Our pick of the key stories from the past week, including the World Press Photo and MACK First Book Award nominees, and interviews with Iain McKell, Tommaso Rada, and Mona Kuhn
“I got into photography because I’m a little restless, and I liked that it was fast,” says Brazilian photographer Mona Kuhn, who has just published her sixth book with Steidl, She Disappeared Into Complete Silence. Even so, the speed of photography haunted her, as Kuhn feared that her photographs would be consumed then discarded – like so many of the magazines she read and tossed away. “I wanted to stop time with photography,” she says. “That’s another reason I got into nudes, for the timeless aspect.”
She Disappeared Into Complete Silence is an experimental project shot in Acido Dorado, a reflective house in the middle of the Californian desert designed by American architect Robert Stone. Inside it are mirrored ceilings and walls, which refract sheets of golden desert light that flood the house. Here, Kuhn presents a solitary nude on the edge of the desert, removed from any symbols of time, creating “an abstraction of being,” and “a space where our mind resides”.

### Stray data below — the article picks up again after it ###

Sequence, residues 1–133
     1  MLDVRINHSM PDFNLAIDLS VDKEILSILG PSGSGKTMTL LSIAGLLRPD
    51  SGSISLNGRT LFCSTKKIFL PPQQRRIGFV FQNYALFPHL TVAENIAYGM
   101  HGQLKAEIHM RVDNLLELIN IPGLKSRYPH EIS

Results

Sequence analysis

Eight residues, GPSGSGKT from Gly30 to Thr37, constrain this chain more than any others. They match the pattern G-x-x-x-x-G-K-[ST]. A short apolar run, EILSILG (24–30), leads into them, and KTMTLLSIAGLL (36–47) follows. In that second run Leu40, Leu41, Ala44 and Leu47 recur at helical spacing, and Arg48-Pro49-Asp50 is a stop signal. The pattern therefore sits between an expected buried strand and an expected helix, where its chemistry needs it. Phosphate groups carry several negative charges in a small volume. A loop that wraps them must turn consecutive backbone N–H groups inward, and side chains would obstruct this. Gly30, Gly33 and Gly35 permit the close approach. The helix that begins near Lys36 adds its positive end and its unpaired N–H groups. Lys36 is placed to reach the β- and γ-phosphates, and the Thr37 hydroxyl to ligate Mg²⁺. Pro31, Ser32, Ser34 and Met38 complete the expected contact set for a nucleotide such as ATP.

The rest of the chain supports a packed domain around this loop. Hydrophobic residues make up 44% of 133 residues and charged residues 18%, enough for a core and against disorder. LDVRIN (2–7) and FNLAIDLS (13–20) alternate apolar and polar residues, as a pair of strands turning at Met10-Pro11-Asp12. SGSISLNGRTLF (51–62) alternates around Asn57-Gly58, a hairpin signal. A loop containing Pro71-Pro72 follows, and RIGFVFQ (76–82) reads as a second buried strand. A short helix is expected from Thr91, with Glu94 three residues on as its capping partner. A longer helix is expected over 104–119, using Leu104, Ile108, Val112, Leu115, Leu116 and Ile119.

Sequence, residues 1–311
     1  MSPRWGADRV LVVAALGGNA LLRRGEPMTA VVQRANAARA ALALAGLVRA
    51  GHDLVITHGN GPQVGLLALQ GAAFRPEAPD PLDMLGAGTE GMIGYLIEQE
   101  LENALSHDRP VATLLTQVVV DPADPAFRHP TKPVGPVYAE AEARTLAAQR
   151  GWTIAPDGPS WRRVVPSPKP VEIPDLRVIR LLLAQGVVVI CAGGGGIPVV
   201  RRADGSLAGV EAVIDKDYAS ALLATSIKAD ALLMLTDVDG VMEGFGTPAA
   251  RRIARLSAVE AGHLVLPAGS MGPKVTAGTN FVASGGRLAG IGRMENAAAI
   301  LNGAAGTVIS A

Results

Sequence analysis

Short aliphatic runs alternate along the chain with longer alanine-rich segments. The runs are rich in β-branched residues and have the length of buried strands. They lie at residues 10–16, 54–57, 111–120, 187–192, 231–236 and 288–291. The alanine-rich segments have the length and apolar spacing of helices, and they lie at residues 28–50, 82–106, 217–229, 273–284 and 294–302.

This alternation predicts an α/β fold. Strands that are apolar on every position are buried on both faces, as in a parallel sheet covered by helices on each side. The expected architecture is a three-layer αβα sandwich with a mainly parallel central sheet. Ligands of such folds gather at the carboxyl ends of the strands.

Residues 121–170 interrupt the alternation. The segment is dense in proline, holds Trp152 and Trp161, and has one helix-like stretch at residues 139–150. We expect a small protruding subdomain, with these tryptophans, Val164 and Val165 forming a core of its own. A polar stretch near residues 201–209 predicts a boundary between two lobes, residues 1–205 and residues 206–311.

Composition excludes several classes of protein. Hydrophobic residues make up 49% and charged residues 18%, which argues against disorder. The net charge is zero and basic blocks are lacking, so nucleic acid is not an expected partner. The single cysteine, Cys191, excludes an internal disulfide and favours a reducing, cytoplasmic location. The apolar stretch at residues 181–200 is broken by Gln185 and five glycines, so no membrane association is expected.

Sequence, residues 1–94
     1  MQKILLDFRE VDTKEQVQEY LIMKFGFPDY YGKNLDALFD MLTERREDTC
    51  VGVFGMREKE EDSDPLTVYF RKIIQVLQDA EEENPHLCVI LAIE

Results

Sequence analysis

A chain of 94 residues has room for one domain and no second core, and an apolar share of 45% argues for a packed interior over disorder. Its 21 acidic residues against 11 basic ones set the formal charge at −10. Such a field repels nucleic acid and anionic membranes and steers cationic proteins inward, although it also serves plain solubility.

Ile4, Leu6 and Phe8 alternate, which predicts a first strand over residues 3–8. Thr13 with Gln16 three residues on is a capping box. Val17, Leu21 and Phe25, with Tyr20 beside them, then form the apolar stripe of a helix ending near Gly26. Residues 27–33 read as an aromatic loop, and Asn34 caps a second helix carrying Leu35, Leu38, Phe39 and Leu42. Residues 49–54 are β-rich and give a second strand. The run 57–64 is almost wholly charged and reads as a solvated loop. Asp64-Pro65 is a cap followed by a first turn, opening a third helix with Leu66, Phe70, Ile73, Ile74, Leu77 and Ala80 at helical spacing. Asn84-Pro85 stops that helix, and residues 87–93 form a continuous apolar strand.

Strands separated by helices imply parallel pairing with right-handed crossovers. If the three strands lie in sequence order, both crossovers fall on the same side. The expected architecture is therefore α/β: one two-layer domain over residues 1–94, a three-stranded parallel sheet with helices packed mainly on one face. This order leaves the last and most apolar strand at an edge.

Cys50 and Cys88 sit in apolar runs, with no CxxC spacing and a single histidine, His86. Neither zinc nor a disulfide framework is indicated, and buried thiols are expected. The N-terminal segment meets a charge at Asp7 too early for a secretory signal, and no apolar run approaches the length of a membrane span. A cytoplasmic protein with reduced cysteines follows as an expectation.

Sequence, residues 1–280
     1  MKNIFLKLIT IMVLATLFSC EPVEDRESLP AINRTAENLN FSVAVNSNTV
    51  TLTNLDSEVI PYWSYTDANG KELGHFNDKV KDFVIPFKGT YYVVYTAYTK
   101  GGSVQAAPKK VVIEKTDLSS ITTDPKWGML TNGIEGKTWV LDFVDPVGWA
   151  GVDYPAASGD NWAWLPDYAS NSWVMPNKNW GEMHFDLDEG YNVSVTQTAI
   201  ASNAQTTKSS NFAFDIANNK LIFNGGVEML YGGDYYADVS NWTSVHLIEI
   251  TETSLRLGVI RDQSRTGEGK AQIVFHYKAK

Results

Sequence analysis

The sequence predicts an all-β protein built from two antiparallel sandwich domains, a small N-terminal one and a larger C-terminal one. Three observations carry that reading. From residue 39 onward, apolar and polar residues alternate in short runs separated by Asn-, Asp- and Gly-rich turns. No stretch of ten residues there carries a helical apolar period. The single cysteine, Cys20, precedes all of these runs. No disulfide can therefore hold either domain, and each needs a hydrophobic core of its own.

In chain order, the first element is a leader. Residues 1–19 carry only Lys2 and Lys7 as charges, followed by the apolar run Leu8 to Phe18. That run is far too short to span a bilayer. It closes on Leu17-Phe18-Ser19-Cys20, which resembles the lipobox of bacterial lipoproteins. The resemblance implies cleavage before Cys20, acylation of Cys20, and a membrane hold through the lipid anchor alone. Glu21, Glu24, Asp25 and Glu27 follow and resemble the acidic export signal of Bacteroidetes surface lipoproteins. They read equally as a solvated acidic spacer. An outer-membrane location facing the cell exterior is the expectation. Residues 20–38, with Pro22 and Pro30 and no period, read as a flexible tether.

David Campany’s celebrated exhibition, A Handful of Dust, traces the 20th century history of photography through this seemingly humble substance; as the show finally comes to London, we revisit the article on it he wrote for BJP back in 2015